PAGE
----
• Join over 1.2 million students every month
  • Accelerate your learning by 29%
  • Unlimited access from just £6.99 per month

Explore Fitzgeralds Presentation of love in The Great Gatsby, making connections to E.L. Doctrows Ragtime.

Extracts from this document...

Introduction

Explore Fitzgerald?s Presentation of love in ?The Great Gatsby,? making connections to E.L. Doctrow?s ?Ragtime.? The portrayal of love is significant in ?The Great Gatsby? as it leads to various open interpretations to love in the novel and points to question the meaning of love and its value. Questions are asked such as whether there is such a thing as love or is it just lust. ?The Great Gatsby? is a tale brimming with lust and desire and the corruption it entails. In the period it was written, the life of a woman was dominated by her husband, until the introduction of the flapper culture, which is shown through the Myrtle. This is similar in ?Ragtime? where desire is prominent in most features in the characters? lives. Less restrictions lie in ?Ragtime? because of the publication date, 1975. Homosexuality and sex were taboos in 1920 so were not shown in ?Gatsby? as obviously as in ?Ragtime.? In ?The Great Gatsby,? love is portrayed as superficial and selfish. It can be seen that Daisy only married Tom because of his social status and for her own wellbeing. We see this from when Gatsby chides Tom that she ?only married you because I was poor.? This could point to the fact that Daisy had only married Tom as a security blanket. ...read more.

Middle

This is in stark contrast to Daisy?s description, showing us that Myrtle is not Tom?s usual ?type.? The adverb ?sensuously? can bring the reader to assume that this is why Tom chose her as his lover. This also can imply that Myrtle, as in 1920?s America, had followed the new Flapper culture whereby women had started to peel away from the natural way of life and assumed their own independence through the way they dressed and acted. This is significant to the way the whole novel flows because lust is the basis for this relationship and when Myrtle dies we do see the effect it had on Tom as ?he was bending over it (the body), motionless,? showing that although Tom didn?t love Myrtle, he did have feelings for her. This, again, is parallel to Ragtime. The contrast of the Eskimos and the relationship Father has with Mother shows that in white America, Mother is the object of Father?s sexual needs. We are told that Mother has a ?fastidiousness? nature as opposed to the Eskimo woman who ?actually pushed back? implying that Mother is quick to please her husband with what he wants. It also suggests that Father is shocked by the addition of ?actually,? showing that he is surprised and it is not usual in the time period or in America. ...read more.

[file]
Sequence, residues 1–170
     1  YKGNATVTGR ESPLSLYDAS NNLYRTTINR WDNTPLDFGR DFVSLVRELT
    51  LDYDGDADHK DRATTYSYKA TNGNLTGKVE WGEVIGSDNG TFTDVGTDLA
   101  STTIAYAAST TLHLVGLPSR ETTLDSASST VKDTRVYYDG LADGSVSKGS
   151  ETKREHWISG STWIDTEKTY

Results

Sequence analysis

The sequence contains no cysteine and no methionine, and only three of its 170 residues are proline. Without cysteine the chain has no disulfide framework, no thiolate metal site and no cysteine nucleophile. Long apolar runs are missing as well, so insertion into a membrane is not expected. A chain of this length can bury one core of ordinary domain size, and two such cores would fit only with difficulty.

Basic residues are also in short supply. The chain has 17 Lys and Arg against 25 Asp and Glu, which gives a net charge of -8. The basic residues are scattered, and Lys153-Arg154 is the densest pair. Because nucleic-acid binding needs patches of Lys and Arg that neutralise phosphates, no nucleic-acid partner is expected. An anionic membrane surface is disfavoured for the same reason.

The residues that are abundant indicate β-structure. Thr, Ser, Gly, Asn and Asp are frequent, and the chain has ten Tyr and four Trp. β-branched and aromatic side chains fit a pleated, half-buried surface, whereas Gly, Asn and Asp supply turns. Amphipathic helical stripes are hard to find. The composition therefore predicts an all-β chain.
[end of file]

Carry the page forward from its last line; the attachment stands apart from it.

Conclusion

Then later on in the chapter Myrtle is seem to ?walk through her husband as if he were a ghost,? showing that he is hopeless to stop her and also she is the dominant one in their relationship. This is strange because in the 1920?s women would have been expected to respect and obey their husbands. The relationship between Mother?s Younger Brother and Evelyn Nesbit is seen to parallel this. We are told of Mother?s Younger Brother as waiting on Nesbit ?in his doggish silent way.? It shows that in both cases a woman domineering over a man was strange and that both were inefficient to tell the woman they loved to stop. In conclusion, love is tainted by all aspects of the lives the characters lead, be it sexual desires or personal benefit. All the relationships in The Great Gatsby lead to failure as they are not fundamentally based on love but a burning desire for money or lust. There is no such thing as a pure, untainted love in The Great Gatsby and that in itself shows what their lives must have been like. The relationships of all the characters go some ways into the tragic ending of the novel and the consequences of these final events. ...read more.